In a recent special issue of TIME, I argued that India would eventually overtake China as the world’s premier emerging market. It’s a prediction that often produces snickers. How, skeptics ask, can India’s fractious democracy and inept governance overcome the clinical efficiency of China’s tight-fisted state? But I have always stood by that conviction.
My reasoning was that India’s superior and more commercially run private sector is stronger than China’s, and that ultimately, economic development is propelled forward by entrepreneurship and healthy, innovative private companies and banks, not by government planning and state-driven industrialization. India’s private enterprise, backed up by the freedoms of democracy, would come to trump China’s state-led, authoritarian growth model. Not only is history on my side — name one authoritarian regime that fostered vibrant, creative industries — but I also have my doubts about the perceived competency of the Chinese state. (That’s a subject for another post.) Yes, the Indian state may underperform the Chinese state, but, I felt, at the end of the day that wouldn’t hold back India’s economic miracle.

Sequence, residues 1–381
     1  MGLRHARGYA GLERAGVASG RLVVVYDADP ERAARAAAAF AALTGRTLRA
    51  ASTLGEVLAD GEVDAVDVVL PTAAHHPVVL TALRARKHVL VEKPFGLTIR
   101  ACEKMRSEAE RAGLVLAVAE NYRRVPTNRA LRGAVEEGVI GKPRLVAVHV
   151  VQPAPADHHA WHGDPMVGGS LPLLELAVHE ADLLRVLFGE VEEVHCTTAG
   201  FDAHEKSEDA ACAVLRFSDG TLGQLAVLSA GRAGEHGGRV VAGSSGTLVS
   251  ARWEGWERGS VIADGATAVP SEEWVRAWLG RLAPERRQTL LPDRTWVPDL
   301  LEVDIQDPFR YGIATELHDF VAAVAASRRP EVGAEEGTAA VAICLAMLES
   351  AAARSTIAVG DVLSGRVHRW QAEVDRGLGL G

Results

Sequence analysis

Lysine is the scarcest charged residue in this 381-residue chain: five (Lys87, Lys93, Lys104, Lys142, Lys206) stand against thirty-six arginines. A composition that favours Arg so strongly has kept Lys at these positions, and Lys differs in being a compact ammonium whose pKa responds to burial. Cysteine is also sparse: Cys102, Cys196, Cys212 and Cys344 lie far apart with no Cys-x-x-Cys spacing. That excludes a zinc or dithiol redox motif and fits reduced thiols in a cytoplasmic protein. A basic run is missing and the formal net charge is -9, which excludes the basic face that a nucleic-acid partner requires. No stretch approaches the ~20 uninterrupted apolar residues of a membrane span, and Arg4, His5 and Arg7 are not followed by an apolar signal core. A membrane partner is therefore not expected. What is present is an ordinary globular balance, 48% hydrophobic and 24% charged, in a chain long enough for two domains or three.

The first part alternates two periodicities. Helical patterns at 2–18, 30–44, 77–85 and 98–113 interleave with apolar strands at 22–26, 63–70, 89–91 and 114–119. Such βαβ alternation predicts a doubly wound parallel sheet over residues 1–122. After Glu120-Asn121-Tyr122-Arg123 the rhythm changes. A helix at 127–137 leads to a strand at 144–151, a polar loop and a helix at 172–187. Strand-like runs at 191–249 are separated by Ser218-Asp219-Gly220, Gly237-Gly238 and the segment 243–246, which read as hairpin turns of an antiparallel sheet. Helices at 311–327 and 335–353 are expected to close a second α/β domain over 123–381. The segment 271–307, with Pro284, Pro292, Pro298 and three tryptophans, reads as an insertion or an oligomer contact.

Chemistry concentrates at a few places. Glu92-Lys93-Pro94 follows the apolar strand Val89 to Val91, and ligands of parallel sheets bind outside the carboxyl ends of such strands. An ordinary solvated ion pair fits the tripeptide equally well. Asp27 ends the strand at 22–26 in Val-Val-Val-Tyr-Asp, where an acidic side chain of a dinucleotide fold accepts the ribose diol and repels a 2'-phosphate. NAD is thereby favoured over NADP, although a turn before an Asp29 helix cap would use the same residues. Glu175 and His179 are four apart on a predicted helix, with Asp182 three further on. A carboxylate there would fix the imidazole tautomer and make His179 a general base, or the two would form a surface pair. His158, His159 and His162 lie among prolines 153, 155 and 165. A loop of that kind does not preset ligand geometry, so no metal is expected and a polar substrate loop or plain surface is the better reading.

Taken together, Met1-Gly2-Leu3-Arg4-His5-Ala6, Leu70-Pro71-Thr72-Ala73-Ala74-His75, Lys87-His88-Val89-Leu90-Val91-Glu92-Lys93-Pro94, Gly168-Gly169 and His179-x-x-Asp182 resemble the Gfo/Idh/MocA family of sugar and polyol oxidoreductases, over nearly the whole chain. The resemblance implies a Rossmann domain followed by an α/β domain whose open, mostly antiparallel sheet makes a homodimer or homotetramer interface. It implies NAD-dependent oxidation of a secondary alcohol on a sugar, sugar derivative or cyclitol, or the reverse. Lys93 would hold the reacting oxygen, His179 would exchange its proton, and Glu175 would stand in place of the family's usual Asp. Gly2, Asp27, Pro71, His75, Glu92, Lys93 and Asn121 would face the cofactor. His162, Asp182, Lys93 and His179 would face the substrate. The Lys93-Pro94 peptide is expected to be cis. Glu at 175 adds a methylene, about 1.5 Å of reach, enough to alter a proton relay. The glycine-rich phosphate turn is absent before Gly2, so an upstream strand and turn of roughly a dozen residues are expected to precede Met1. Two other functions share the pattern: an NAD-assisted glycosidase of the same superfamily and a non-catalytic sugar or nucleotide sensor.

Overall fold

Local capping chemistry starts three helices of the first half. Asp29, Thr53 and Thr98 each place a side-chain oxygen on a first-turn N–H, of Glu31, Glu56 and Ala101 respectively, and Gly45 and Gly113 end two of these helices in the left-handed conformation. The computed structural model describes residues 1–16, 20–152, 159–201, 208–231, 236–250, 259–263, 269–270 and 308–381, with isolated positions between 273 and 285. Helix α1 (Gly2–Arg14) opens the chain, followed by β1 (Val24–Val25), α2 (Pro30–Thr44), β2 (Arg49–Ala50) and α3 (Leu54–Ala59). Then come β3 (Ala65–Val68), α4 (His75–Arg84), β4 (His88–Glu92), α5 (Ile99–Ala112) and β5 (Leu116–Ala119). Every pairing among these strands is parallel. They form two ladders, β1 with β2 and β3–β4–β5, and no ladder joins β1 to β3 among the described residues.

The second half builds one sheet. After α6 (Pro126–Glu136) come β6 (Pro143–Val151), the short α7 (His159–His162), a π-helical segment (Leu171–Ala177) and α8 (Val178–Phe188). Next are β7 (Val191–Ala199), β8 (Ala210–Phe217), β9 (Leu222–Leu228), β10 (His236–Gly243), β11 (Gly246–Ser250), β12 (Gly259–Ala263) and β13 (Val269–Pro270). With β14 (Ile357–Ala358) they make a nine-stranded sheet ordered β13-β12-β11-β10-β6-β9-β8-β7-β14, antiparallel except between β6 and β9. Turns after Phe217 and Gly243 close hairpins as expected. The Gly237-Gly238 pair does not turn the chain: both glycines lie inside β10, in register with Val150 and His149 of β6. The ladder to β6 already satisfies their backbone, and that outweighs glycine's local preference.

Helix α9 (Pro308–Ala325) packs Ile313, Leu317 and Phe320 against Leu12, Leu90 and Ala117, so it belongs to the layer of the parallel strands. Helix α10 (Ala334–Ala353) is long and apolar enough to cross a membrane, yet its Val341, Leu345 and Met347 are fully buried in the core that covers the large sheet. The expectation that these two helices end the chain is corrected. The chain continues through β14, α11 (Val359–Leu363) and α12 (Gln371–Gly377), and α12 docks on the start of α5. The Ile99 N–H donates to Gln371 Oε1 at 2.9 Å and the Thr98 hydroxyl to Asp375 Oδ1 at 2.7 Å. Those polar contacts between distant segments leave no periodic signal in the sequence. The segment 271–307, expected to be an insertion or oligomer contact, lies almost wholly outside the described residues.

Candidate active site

Yet watching what’s going on in India right now is making me second-guess my analysis. I still believe that democratic capitalism will win out over authoritarian state capitalism. But there is always the chance that a government becomes so inept, its management so faulty, that the state can become a major drag on economic development, even if the economy boasts a highly professional private sector. Is that what’s happening in India today?